Fall 2017 Newsletter

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Fall 2017 Newsletter
7th Residency Announcement

Exciting Residency Announcement!

ACGME approves seventh resident complement; first increase in over 30 years!

Grand Rounds

Grand Rounds and Case Studies

Check out our weekly presentations

OTEP

OTEP

Ophthalmic Technician Education Program

LARGEST STUDY ON CHINESE AMERICANS PUBLISHED

LARGEST STUDY ON CHINESE
AMERICANS PUBLISHED

USC Ophthalmology Researchers Find More
Effective Treatments For Blinding Eye Diseases

EDUCATION

Case Study: The Fungus Among Us

Rayess Toy
Presenter: Nadim Rayess, MD Discussant: Brian Toy, MD
 

History

  • 51-year-old female with Systemic Lupus Erythematosus (SLE) treated with cellcept 1g BID and prednisone 3mg daily
  • Three-day history of acute shortness of breath
  • No changes in vision
  • Past medical history: SLE, Chronic kidney disease stage V, anemia of chronic disease, hypertension, diabetes
  • Past ocular history: Negative
  • Started on pulse steroids of IV solumedrol and dexamethasone for a presumed lupus flare
  • She then developed pancytopenia with neutropenic fever
  • Blood cultures were positive for cryptococcus neoformans
  • Ophthalmology consulted to r/o ocular involvement

Exam Findings

  • VA: OD: 20/40; OS: 20/40
  • Pupils: Round and reactive OU, no RAPD
  • IOP: 15; 17
  • EOM: Full OU
  • Slit lamp exam: Significant for 1+ NS OU
Figure 1A: Fundus photo of the right eye demonstrates few peripapillary punctate yellow intraretinal lesions and a white fluffy intraretinal lesion superonasal to the optic nerve.
Figure 1B: Fundus photo of the left eye demonstrates several peripapillary punctate yellow intraretinal lesions and subretinal fluid involving the fovea.

 

Differential Diagnosis

  • Fungal endophthalmitis
  • Syphilis, Tuberculosis
  • ARN/PORN
  • Non-infectious uveitis
    • Sarcoidosis, Behcet, sympathetic ophthalmia, VKH
  • Malignancy
    • Intraocular lymphoma, leukemic infiltrates

Additional Investigations

  • Lumbar puncture performed which was positive for cryptococcal neoformans antigen

Diagnosis

  • Cryptococcal chorioretinitis

Pathophysiology

  • Crypotococcus neoformans initially inoculates the pulmonary system. The organism then spreads hematogenously overcoming the blood brain barrier and reaching the choroid where the organism multiplies and subsequently invades the retina followed by vitreous cavity.

Treatment

  • The patient was treated for cryptococcal meningitis:
    • Induction therapy: AmphoB IV (5mg/Kg) + flucytosine for 14 days.
    • Consolidation therapy: Fluconazole 400mg PO daily for eight weeks.
  • At four weeks follow up the patient denies any changes in VA and she was still receiving treatment with fluconazole 400mg PO daily.
Figure 2A: Optos fundus photo of the right eye demonstrates resolution of the white intraretinal lesion with irregular borders. There are a few residual yellow punctate lesions.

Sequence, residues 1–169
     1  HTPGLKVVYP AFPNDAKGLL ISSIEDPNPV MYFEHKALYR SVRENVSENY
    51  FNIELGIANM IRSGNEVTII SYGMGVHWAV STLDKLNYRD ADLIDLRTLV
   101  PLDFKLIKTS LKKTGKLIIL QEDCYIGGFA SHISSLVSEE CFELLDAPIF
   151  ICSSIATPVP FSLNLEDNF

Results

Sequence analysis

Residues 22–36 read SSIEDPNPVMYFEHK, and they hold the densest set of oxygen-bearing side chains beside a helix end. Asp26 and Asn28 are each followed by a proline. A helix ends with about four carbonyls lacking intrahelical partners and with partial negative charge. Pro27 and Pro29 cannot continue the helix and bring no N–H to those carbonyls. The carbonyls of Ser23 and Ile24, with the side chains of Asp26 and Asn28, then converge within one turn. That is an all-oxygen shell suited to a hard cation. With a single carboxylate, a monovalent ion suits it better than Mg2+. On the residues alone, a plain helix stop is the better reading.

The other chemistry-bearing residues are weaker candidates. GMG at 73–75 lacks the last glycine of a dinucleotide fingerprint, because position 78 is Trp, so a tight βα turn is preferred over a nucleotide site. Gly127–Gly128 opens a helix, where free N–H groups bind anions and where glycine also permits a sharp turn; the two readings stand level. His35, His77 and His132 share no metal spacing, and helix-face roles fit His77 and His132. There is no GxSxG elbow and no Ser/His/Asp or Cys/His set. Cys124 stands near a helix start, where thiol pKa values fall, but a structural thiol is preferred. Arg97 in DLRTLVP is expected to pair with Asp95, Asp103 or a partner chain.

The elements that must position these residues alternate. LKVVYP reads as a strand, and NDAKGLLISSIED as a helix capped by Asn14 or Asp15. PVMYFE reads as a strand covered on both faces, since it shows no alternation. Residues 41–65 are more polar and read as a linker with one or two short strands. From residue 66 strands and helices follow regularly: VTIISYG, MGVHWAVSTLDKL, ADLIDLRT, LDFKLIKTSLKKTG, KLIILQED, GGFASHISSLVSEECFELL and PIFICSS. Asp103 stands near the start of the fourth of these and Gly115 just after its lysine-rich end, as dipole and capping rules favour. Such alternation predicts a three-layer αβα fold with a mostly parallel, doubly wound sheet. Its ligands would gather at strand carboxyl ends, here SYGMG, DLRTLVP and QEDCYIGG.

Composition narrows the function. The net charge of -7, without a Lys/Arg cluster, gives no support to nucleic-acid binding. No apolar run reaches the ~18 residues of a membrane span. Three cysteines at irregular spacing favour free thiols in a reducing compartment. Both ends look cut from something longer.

Figure 2B: Optos fundus photo of the left eye demonstrates resolving peripapillary punctate yellow intraretinal lesions and trace subretinal fluid involving the fovea.

 

Prognosis and Future Directions

  • There has been a 10-fold increase in fungemia in inpatients over the past 20 years.
    • Related to increased patient risk factors: IV drug use, indwelling catheters, trauma, hyperalimentation, GI surgery, diabetes, immunosuppression, HIV/AIDS
  • Ocular prognosis for fungal endogenous endophthalmitis has improved over the recent years. Historically the rates of fungal endophthalmitis was 9-45% but more recent reports demonstrate a rate of 2-9%.
  • Newer agents such as fluconazole and especially voriconazole have good intraocular penetration with broad spectrum activity against organisms. Chorioretinitis without vitreous involvement can be treated with systemic treatment alone.
  • Patients with vitritis or active macular disease require a vitreous tap and injection of antimicrobials, and rarely in patients with progressive disease, a pars plana vitrectomy may be necessary.

References

  • Shah CP, McKey J, Spirn MJ, Maguire J. Ocular candidiasis: a review. Br J Ophthalmol 2008;92:466-468.
  • Essman TF, Flynn HW Jr, Smiddy WE, et al. Treatment outcomes in a 10-year study of endogenous fungal endophthalmitis. Ophthalmic Surg Lasers 1996;28:185-94.
  • Donahue SP, Greven CM, Zuravleff JJ, et al. Intraocular candidiasis in patients with candidemia. Ophthalmology 1994;101:1302-9.
  • Hariprasad SM, Mieler WF, Holz ER, et al. Determination of vitreous, aqueous, and plasma concentration of orally administered voriconazole in humans. Arch Ophthalmol 2004;122:42-7.
  • Zhange YQ, Wang WJ. Treatment outcomes after pars plana vitrectomy for endogenous endophthalmitis. Retina 2005;25:746-50.
  • Ghodasra DH, Eftekhari K, Shah AR, VanderBeek BL. Outcomes, impact on management, and costs of fungal eye disease consults in a tertiary care setting. Ophthalmology 2014; 121(12):2334-2339.
  • Henderly DE, Liggett PE, Rao NA. Cryptococcal chorioretinitis and endophthalmitis. Retina. 1987;7:75-9.

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